In this paper I discuss Kenesei’s (2005) syntactic derivational approach to
s complex event nominals in Hungarian, and I compare it with previous lexicalist analyses. I demonstrate that the facts that, according to Kenesei, call for a syntactic analysis (e.g., binding and control phenomena, anti-agreement, negation, and aspect) can be captured in an appropriately developed lexicalist framework with at least the same degree of efficiency, consistency and in a sufficiently principled manner. I outline the most important aspects of such an analysis in the framework of Lexical-Functional Grammar. I also point out that there are additional considerations which support a lexical treatment.
This paper analyzes the derivation capability of verbs motivated by substantives with the word-formation meaning ‘to work with a tool, named by a word-forming noun’ with suffix -ува-/-юва- in the Ukrainian language. The author claims that the typical word-forming paradigm is formed of three word-formation zones: substantive, adjective, and verbal. Within each zone, a continuum of word-forming derivatives is distinguished, a set of word-forming devices for their realizations is determined, and the abilities of some of them to express additional lexical meanings are traced.
The present article is dedicated to the study of interlingual contacts based on the facts given by the history of the Hungarian personal suffix -as. This suffix is used in modern Serbian, Croatian, Yugoslav-Ruthenian, Slovenian and Slovak literary languages and dialects. People speaking these dialects have been living for a long time in these territories that used to be a part of the Hungarian kingdom. The history of this suffix, its functioning and its present status is demonstrated on the basis of Carpathian and Ruthenian written old and new texts. The productivity of the borrowed personal suffix -?? (-??) is considered to be a result of active interlingual contacts in the Carpathian region and also of the considerable influence of Hungarian on the language and culture in the Southern Carpathian hills. There are many words in modern Carpatho-Rusyn texts which are borrowed from Hungarian, e.g.: ???????, ??????, ??????, ??????, ??????, ????????? etc. Some of them appear in word formation paradigms of the Carpatho-Rusyn motivated words, e.g.:????????, ????????????, ????????, ???????, ??????, ??????? and so on. The result of the Carpatho-Rusyn and Hungarian language contacts on word formation level testifies to a very intensive interaction. In modern Ruthenian the same tendency is to be observed: numerous lexical borrowings from Hungarian exist side by side with borrowings of units on a more abstract level. In our case the word formation suffix ?? (-??) with a personal meaning is of Hungarian origin and it is very productive in modern Carpatho-Rusyn.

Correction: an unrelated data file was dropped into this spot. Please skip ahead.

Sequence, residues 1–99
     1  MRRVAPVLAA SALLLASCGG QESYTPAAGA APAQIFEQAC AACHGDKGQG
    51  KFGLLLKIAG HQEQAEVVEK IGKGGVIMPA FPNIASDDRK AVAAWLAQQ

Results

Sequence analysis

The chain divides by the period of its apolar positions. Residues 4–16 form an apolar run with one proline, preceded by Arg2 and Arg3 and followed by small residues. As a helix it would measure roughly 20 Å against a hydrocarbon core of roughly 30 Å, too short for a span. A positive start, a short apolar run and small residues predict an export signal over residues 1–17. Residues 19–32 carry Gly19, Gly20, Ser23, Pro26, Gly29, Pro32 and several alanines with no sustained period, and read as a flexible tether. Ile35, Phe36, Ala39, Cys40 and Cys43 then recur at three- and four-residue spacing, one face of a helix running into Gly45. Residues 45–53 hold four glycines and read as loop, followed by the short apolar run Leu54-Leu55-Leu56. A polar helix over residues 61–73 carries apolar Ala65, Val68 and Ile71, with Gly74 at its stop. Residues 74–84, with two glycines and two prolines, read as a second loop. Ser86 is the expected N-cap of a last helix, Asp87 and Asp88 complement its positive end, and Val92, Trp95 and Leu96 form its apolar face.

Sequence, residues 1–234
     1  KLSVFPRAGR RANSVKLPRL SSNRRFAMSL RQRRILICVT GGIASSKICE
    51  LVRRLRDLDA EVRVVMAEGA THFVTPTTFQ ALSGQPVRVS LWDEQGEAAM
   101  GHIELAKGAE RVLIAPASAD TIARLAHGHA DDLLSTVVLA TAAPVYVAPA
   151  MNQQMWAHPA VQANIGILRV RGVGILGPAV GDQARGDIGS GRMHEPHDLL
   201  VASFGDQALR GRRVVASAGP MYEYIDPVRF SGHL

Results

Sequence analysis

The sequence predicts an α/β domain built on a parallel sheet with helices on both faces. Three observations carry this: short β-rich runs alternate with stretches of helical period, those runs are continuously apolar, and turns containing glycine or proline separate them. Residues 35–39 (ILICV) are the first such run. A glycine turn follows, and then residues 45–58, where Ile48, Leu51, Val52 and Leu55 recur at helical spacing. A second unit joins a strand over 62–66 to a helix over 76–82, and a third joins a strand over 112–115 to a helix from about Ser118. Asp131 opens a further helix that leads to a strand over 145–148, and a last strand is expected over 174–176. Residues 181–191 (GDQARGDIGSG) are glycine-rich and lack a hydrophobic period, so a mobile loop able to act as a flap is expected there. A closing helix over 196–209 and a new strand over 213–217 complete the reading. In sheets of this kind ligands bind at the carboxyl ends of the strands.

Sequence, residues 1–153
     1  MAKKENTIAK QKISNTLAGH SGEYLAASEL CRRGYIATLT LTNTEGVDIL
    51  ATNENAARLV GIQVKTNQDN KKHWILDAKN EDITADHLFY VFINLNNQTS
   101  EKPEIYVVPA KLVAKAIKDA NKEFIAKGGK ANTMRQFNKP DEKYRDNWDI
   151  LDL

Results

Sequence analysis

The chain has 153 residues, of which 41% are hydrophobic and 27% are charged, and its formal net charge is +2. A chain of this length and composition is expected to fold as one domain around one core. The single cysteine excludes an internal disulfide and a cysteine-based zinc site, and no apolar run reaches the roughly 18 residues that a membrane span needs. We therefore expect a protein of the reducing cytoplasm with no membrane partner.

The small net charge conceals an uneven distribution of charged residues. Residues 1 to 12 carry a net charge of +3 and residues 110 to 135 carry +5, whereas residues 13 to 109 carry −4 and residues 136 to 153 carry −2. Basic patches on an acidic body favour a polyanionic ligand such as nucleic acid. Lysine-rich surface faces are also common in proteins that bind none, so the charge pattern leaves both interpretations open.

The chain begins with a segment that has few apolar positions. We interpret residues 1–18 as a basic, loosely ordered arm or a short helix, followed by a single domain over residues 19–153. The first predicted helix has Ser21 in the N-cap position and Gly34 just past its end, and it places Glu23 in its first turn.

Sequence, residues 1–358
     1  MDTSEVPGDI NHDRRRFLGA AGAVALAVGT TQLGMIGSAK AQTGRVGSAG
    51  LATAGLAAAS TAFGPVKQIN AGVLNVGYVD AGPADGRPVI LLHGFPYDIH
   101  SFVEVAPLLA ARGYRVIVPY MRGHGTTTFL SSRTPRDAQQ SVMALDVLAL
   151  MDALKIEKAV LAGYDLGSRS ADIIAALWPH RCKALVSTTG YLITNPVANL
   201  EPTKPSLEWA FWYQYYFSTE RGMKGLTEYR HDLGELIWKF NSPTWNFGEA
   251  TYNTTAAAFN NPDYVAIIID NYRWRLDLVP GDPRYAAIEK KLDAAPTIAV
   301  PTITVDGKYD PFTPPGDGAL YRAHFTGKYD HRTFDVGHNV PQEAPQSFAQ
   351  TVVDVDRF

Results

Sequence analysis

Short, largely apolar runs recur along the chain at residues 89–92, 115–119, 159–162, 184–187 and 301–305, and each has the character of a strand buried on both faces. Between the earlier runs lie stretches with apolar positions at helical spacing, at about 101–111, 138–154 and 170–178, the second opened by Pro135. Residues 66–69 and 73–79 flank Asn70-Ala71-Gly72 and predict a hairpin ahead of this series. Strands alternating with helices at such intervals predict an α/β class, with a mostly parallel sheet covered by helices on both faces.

On-line ``chat'' communication combines elements of speech and writing. Specific lexical forms arise which characterize such cyberspeech. The paper provides an analysis of lexical forms underlying the discourse of on-line chats. It also attempts to answer the question of whether native forms of on-line communication should be tackled as part of foreign language teaching.